- Be picky with the contests you enter. Look at those run by reputable groups and assess the end judges; are they whom you would like to have your work in front of? Perhaps you can jump the slush pile!
- Contests are a MEANS not an END. They’re one more thing you can do to improve your writing. Your ultimate goal is to get published, not win a contest.
- It’s not about winning (OK, this one’s hard for competitive me). Sure, it would be nice to get the accolade but it’s a good way to give yourself deadlines, ensure you’re continually producing and allow you to always have ‘something out there’.
- There is absolutely no guarantee your full will ever be requested by an editor/agent judge even if you do final or even win. There’s certainly no guarantee of a sale.
- If you don’t have a thick skin, grow one. This industry is about people reading what you write from your heart and don’t forget about reviews! They will love it, like it, be indifferent to it or hate it. Get used to it now!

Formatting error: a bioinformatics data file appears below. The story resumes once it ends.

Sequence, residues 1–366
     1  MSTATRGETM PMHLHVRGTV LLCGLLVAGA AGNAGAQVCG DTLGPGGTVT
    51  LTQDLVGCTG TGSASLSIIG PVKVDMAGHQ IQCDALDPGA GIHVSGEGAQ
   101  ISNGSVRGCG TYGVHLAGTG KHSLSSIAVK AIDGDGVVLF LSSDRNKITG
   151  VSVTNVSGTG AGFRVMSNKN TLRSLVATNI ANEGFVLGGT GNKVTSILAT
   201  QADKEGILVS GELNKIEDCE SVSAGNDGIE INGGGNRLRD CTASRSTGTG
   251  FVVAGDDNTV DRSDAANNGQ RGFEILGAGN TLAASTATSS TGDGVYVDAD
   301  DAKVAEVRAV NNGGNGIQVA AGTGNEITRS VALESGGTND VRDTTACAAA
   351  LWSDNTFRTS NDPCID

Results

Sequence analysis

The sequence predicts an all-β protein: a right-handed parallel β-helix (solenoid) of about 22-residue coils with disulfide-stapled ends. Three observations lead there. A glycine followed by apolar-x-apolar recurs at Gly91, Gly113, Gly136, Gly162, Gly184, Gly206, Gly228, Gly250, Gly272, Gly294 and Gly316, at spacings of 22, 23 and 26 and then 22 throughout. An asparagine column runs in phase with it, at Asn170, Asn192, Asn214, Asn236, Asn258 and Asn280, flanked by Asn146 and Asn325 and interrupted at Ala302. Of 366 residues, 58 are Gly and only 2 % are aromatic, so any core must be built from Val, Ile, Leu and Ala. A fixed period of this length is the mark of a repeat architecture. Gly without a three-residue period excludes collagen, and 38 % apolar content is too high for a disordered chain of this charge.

- Contest feedback is wonderful, but if it doesn’t sound right, it’s probably not. Take what resonates and discard what doesn’t. It’s not necessarily all good for you.
- If you try to address all the areas of the feedback, you may end up rewriting your entire content and driving yourself nuts into the bargain (I think I may now qualify). It’s not always consistent.
Wednesday, October 7, 2009
Obviously, I have had contests on my mind a LOT lately. Before I entered the two recent contests, I figured they were a ‘nice to do’ but not essential on the path to publication. I knew they were very subjective, scores and results could vary widely and feedback could confuse, or worse, send you off in the wrong direction. I still think all that is true, but I now think contests are ESSENTIAL on the road to publication if you look at them and accept them for what they are and what they can do for you. I may be a newbie at this, but at the risk of seeming arrogant the following are the things I’ve learned that might help someone else out there: